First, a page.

'Gorilla Glue Girl' May Sue Gorilla Glue After Using Their Product As Hairspray

Brittany M. Hughes | February 9, 2021
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A woman who put Gorilla Glue on her hair is now considering suing the company over their products’ “misleading” label, marking one of the most ridiculous lawsuits since a woman tried to sue McDonalds after spilling her own cup of hot coffee in her lap.

TikTok influencer Tessica Brown, who's 40 years old, went viral on social media for posting about the medical problems she faced after she ran out of hair product and instead used Gorilla Glue Spray Adhesive to help tamp down her frizz. She later tried to wash out the glue herself but to no avail, and eventually had to seek medical treatment after a month of trying to get the mess out on her own.


A post shared by Tessica (@im_d_ollady)

But according to TMZ, even the medical staff at the hospital haven’t been able to solve the problem, having tried to remove the glue with acetone only to wind up burning Brown’s scalp in the process. Videos of Brown explaining the problem and showing her being treated at the hospital have garnered more than millions of views on Instagram, with responses ranging from mockery over her obviously poor choices to concern and sympathy for this woman who clearly didn't understand that powerful, permanent adhesives meant to set up like liquid nails can't be used in place of temporary water-soluble hairspray.


A post shared by Tessica (@im_d_ollady)


Left with few good options to get the stuff out, Brown is now reportedly considering suing Gorilla Glue because there’s no explicit warning on their product label telling consumers not to use their craft glue in their hair. Because apparently, companies are now expected to think of every single ridiculous way any moron might misuse their product and include a specific warning against it in order to avoid liability, because grown adults can't be trusted to think it through themselves.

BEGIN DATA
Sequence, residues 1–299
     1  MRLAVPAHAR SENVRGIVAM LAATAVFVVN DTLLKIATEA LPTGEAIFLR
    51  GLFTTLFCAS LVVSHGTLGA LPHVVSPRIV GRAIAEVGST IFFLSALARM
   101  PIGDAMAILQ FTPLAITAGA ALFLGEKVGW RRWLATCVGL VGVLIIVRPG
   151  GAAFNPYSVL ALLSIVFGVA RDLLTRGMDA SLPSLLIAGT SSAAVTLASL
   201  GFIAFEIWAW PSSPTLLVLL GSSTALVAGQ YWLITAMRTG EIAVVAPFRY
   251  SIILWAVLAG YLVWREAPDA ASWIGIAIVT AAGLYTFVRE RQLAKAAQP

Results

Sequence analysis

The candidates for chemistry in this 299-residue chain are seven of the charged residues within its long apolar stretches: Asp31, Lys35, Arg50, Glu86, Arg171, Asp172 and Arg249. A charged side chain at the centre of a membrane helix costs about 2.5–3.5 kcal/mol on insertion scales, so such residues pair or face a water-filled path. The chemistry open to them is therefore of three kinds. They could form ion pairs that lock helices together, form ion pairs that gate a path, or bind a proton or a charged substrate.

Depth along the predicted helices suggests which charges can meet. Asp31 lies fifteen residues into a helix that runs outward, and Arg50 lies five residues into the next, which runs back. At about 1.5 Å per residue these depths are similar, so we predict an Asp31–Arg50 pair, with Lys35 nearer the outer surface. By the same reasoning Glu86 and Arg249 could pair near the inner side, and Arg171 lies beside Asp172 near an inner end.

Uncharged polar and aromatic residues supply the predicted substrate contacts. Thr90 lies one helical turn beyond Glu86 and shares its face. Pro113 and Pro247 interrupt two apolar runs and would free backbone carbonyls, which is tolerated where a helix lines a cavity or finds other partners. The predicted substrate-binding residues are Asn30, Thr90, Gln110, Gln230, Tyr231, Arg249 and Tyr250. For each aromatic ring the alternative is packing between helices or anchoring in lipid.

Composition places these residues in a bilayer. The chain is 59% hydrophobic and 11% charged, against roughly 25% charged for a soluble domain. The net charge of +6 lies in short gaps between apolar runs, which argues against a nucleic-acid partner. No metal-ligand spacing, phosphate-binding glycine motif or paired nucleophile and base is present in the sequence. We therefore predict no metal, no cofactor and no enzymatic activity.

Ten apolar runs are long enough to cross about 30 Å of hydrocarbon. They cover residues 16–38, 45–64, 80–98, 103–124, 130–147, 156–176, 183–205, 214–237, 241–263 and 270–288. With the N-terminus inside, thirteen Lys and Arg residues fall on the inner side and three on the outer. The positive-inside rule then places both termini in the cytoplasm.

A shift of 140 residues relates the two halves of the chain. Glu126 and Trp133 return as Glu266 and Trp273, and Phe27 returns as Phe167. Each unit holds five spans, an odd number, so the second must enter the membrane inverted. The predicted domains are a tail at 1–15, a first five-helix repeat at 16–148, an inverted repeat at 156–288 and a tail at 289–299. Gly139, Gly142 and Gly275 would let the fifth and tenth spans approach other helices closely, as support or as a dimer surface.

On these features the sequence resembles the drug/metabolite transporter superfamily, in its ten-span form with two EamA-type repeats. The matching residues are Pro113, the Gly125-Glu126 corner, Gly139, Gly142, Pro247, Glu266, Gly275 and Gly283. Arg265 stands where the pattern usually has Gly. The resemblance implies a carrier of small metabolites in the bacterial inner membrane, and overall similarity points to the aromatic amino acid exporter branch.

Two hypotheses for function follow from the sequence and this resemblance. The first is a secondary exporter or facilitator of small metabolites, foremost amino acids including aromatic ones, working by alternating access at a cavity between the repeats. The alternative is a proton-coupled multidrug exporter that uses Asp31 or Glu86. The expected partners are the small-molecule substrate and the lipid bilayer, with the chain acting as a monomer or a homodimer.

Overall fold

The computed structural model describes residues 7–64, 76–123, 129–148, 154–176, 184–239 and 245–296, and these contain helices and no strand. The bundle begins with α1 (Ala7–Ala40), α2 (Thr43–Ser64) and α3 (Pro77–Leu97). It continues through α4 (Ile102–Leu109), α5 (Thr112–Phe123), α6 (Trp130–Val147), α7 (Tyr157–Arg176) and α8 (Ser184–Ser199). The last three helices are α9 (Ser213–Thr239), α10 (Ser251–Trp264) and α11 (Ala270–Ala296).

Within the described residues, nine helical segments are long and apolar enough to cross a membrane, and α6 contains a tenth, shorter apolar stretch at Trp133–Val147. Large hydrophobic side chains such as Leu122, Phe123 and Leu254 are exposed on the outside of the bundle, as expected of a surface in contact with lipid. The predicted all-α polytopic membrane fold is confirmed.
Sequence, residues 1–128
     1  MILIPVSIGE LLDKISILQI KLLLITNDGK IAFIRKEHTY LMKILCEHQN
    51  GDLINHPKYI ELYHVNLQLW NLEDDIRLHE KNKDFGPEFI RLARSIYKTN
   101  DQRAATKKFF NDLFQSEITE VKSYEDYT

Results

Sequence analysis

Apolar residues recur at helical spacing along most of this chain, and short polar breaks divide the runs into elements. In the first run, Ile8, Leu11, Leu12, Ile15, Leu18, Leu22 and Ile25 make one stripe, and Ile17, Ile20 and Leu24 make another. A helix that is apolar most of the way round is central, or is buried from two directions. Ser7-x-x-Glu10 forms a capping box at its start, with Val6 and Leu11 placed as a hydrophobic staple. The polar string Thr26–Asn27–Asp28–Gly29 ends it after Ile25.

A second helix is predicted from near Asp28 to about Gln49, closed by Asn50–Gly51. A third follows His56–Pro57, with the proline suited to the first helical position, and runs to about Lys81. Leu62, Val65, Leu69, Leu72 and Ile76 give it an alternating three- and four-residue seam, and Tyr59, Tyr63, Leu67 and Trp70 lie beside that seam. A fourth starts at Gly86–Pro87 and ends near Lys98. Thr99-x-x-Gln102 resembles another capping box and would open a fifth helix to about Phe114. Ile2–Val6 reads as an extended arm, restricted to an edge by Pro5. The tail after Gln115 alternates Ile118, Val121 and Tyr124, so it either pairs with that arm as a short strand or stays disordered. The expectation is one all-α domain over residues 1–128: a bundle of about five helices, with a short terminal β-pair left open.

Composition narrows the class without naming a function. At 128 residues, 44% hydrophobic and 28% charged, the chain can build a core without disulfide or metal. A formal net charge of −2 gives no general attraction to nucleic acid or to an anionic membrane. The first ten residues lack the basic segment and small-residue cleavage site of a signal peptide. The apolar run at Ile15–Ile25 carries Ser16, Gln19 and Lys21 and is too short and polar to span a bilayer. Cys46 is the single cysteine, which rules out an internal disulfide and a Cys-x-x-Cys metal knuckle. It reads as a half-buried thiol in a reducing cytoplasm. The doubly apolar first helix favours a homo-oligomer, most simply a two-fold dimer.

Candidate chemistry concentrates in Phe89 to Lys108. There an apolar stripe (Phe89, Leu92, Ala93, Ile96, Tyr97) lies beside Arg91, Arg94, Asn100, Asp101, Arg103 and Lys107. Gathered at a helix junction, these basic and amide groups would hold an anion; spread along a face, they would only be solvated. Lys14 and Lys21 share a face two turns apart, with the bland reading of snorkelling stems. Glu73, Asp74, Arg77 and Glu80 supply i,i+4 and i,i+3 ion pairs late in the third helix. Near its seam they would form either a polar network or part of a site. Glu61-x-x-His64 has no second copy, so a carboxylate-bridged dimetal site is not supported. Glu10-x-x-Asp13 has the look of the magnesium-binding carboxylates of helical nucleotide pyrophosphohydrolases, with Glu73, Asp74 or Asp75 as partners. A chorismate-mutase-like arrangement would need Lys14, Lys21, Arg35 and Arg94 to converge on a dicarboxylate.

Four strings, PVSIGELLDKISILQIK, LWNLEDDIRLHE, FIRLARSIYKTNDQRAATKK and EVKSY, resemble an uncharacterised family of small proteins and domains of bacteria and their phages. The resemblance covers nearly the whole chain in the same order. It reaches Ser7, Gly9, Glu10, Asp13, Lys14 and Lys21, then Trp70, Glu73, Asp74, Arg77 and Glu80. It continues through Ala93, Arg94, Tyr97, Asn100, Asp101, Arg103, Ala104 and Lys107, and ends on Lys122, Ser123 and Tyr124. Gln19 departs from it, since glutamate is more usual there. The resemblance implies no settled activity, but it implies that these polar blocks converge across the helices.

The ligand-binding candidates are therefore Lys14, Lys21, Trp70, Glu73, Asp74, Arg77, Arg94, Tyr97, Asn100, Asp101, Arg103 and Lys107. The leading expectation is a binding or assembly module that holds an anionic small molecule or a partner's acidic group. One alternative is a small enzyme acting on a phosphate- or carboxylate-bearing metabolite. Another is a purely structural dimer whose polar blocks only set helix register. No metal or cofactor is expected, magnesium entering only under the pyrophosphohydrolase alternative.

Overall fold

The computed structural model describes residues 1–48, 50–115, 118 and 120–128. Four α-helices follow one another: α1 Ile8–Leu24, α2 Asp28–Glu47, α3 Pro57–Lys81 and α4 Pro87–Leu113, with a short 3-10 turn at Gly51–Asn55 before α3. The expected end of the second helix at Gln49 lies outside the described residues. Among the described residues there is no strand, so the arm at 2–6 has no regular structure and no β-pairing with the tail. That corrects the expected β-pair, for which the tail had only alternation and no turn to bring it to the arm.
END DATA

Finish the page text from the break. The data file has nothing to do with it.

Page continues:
“Our sources say Tessica’s hired an attorney and is weighing her legal options against Gorilla Glue,” TMZ reported. “We’re told the label on the product she used says do not use on eyes, skin or clothing … with no mention of hair, which Tessica feels is misleading.”

The company has already issued a public statement on Brown’s situation, saying they are “very sorry to hear about the unfortunate incident that Miss Brown experienced using our Spray Adhesive on her hair,” but didn't take responsibility for a person trying to use their craft glue as hair gel. 

“We are glad to see in her recent video that Miss Brown has received medical treatment from her local medical facility and wish her the best,” the company stated.

Meanwhile, Brown has raised more than $13,000 on GoFundMe to cover her medical treatment.

Here’s a pro-tip, for those inclined to smear their scalp with craft glue, stuff their mouths full of Tide Pods, or otherwise use products for anything other than their clearly intended design: just don’t.

And if you do make the mistake of humiliating yourself on social media in front of the entire world, don’t sue the company for your own idiocy.

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